The veteran presence of Trevor Ariza, traded to Washington in December, has been a key factor in helping the Wizards get their season back on track.
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Now in his 15th year in the NBA, there's little the 33-year-old small forward has not experienced in the league.
Originally drafted as a 19-year-old by the New York Knicks in 2005, Ariza has known the highs of winning a title with the Los Angeles Lakers, the pain of falling short in game seven of the Conference finals with the Houston Rockets and the frustration of toiling on struggling teams like this season's Phoenix Suns.
That frustration ended in December as the Suns traded him to the Wizards in exchange for Kelly Oubre Jr. Ariza had played in Washington before, between 2012 and 2014, and his return to 'The District' has helped transform a campaign that appeared to be falling apart into a second-half-of-the-season playoff push.
His veteran experience and calm demeanour have proven to be the perfect antidote for a team in desperate need of cohesion and direction.
"He's been super-important. It's his 15th year [in the league]. He's the ultimate 'vet'.
Ariza, in typical fashion, played down his importance, carefully selecting his words before explaining: "I would say that maybe just a little bit more experience has helped this team go towards more of a calmer direction and the pieces are fitting together and we're building and getting better as we go every day."
Losing franchise star John Wall for the season to surgery for a heel injury could have been the killer blow to a season that began with reported locker room tension and subsequent on-court underachievement.
Instead, in Wall's absence, the Wizards - inspired by a string of outstanding performances by Bradley Beal - have started to haul their way back up the Eastern Conference rankings.
They are 4-3 since the turn of the year with impressive victories over the high-flying Milwaukee Bucks, Philadelphia 76ers and Oklahoma City Thunder to their name.
They prepare to face the New York Knicks at The O2 just two-and-a-half games behind the Charlotte Hornets, occupants of the eighth and final playoff place in the East.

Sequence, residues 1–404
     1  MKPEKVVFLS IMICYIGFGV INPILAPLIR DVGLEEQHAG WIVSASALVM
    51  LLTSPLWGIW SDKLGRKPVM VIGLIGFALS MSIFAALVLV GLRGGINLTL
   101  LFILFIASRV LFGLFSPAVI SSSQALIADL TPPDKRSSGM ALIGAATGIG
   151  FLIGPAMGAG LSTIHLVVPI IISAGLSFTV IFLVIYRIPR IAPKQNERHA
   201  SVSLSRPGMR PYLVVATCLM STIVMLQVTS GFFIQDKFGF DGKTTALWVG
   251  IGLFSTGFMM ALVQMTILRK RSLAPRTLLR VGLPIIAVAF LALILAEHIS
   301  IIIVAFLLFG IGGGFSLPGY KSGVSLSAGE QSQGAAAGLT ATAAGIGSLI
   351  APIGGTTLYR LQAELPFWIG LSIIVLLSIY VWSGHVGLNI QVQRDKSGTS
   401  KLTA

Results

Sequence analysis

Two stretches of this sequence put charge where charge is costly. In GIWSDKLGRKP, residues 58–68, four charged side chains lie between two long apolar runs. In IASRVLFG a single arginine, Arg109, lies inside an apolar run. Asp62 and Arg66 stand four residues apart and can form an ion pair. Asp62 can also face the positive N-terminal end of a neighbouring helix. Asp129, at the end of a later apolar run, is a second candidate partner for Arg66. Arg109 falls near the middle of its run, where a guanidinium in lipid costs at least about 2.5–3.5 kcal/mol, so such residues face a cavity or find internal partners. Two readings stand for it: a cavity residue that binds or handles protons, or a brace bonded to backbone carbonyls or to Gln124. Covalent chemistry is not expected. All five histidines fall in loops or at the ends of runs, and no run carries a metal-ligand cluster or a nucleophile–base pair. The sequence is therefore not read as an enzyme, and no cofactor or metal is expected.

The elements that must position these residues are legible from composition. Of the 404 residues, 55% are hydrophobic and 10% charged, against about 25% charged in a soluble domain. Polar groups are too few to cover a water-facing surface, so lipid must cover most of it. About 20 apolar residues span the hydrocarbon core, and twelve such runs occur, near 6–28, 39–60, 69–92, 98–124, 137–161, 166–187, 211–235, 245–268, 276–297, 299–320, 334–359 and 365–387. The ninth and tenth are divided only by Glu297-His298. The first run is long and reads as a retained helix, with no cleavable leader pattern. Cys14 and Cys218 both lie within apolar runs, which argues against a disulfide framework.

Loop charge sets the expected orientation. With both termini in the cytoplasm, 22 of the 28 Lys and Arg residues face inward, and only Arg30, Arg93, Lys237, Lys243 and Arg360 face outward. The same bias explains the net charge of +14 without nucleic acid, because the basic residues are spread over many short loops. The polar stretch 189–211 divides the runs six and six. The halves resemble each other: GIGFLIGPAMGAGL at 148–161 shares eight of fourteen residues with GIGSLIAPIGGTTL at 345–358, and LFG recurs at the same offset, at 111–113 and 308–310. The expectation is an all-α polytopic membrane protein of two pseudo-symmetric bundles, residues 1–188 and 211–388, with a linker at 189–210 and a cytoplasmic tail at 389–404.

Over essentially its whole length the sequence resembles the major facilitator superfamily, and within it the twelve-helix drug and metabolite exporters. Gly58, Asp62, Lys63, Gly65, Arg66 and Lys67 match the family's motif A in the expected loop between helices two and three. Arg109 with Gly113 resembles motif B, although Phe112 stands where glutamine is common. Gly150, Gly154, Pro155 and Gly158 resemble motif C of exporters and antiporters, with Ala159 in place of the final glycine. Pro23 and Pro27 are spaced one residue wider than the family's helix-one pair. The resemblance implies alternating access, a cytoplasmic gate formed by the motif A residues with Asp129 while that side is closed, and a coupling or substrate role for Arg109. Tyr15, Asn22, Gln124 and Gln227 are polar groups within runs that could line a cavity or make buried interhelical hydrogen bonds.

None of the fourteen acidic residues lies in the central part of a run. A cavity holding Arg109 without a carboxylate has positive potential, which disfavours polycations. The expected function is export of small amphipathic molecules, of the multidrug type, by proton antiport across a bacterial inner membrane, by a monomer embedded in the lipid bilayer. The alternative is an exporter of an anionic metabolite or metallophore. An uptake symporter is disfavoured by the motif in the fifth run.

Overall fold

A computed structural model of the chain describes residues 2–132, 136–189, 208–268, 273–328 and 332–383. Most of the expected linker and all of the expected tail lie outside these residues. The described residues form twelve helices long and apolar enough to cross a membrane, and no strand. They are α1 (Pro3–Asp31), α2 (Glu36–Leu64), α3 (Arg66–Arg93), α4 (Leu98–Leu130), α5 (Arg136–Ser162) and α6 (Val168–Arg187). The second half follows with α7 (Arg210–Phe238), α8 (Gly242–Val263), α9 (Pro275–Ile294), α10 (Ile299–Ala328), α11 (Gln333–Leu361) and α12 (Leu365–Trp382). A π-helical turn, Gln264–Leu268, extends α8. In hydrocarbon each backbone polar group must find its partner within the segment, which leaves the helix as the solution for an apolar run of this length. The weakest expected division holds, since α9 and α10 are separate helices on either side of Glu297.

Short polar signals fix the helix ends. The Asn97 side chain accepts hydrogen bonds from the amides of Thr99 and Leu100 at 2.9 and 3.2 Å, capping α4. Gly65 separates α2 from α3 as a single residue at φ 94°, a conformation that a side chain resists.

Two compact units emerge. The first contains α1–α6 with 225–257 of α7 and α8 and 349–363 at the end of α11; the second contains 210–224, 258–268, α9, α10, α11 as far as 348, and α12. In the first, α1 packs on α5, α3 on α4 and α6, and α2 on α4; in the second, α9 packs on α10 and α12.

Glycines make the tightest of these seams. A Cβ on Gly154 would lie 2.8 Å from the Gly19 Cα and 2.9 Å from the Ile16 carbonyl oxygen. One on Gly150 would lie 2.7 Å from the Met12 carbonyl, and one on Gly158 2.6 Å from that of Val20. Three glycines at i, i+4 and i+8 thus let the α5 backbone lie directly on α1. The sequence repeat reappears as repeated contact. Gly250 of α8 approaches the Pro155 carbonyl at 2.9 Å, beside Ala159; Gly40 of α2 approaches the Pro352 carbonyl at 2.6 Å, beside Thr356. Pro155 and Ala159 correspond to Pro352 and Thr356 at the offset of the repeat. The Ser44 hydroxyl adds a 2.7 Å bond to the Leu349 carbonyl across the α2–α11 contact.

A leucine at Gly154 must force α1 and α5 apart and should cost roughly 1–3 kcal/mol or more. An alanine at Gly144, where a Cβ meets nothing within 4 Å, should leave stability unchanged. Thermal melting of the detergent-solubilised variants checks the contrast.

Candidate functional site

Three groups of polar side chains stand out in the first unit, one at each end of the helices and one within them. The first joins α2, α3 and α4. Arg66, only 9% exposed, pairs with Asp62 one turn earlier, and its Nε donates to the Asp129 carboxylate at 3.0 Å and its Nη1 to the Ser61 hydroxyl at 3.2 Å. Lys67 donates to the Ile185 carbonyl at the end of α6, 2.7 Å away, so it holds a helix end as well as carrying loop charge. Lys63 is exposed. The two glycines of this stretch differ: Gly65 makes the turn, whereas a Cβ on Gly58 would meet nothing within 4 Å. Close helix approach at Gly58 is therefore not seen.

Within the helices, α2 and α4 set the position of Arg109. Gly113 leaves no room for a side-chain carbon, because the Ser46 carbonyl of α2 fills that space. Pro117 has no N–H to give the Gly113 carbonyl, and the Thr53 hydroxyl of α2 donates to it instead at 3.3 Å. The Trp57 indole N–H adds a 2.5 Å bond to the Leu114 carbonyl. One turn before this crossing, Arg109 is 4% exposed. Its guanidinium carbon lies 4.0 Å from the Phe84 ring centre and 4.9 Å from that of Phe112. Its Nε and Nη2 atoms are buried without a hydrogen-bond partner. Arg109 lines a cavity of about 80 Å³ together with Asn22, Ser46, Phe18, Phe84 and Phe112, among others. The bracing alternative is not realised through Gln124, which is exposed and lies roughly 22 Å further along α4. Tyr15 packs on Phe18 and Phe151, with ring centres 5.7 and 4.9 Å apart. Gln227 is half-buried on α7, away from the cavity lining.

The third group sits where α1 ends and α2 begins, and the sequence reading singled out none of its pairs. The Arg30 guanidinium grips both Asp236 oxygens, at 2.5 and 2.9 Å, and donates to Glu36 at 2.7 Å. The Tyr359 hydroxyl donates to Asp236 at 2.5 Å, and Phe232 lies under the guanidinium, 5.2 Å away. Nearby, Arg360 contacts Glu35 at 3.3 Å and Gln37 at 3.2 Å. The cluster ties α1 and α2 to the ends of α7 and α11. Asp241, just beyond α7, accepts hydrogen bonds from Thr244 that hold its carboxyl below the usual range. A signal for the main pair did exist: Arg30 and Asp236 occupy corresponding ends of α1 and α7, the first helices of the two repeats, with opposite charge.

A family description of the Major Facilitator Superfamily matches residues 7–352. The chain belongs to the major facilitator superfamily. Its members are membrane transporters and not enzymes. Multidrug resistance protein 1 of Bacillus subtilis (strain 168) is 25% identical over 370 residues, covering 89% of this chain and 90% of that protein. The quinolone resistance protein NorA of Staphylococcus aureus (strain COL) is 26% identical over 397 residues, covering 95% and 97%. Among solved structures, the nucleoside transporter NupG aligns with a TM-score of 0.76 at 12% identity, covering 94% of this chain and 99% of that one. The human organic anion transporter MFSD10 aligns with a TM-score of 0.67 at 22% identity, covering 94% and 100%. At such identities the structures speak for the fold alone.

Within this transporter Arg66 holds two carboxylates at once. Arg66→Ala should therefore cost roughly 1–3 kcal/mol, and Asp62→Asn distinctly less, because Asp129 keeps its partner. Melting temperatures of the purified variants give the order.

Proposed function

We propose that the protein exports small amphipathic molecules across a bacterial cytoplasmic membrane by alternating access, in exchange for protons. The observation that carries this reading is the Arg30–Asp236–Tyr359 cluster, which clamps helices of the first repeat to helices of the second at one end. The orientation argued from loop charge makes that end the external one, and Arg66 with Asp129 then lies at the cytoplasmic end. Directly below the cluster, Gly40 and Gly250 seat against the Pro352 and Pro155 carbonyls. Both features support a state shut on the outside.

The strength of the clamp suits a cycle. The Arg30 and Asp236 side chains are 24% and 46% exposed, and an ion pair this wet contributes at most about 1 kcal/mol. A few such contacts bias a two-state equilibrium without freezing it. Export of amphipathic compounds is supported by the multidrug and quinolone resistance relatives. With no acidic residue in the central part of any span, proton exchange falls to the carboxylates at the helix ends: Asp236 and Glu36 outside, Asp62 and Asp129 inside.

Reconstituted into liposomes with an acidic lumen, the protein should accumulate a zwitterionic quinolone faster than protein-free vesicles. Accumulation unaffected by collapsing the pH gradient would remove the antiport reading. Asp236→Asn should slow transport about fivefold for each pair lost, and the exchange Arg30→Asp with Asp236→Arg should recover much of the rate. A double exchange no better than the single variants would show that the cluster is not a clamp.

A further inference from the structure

Even their most recent loss, a dramatic double-overtime loss to the Toronto Raptors in which the Wizards, led by 43 points from Beal, battled back time and time again before falling 140-138 was illustrative of a team that had rediscovered its heart. It was a performance they were not capable of producing earlier in the season.
"One thing about the NBA season is that it is long and you have a lot of games to play," Ariza said. "When someone like [John Wall] goes down, you don't really recover. You just try to find different ways to make your team go. That's what we've been doing."
While Ariza shied away from taking any of the credit for the Wizards' upturn in form, his team-mates were effusive in their praise for him.
"He has been super-important," said Wizards forward Markieff Morris. "It's his 15th year [in the league]. He's the ultimate 'vet'. He's still playing 35 minutes a night at the age of 33. He's a guy who is much-needed."
Second-year center Thomas Bryant, who has stepped up into a larger role due to the prolonged absence of Dwight Howard, echoed those sentiments.
"[Ariza's arrival has] been very big," Bryant said. "We needed a guy a like 'Trev'. There are a lot of things he does that don't show up on the stat sheet. And there's a lot of things he does that do. We need him out there.
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"Everybody has been locking in. It takes time, getting adjusted to a new team. We've brought in guys to help us and they have helped. It takes time for everything to start clicking. I feel like we're in a pretty good place."
Asked if Ariza's influence extended to helping him navigate NBA life off the court, Bryant said: "He's a great 'vet' off the court, too."
But when asked to reveal the best off-court tip Ariza had given him, Bryant was coy in his response. He thought, smiled, thought again and then laughed before he admitted: "I can't say that to you, man!"
With renewed purpose to their season, the once-fragmented Wizards locker room is now on the same page.
"We're trying to make a playoff push," said Morris. "We have a bunch of guys that haven't been playing all year who are now stepping in, playing hard and trying to get wins."
"We can still make the playoffs," said Bryant. "I still got faith in us."
Does the veteran Ariza think the Wizards will make the postseason? "Absolutely. Any time we step on the court I feel like we have an opportunity to win. That's what we're [in London] to do. We want to continue to try and win every game that we play."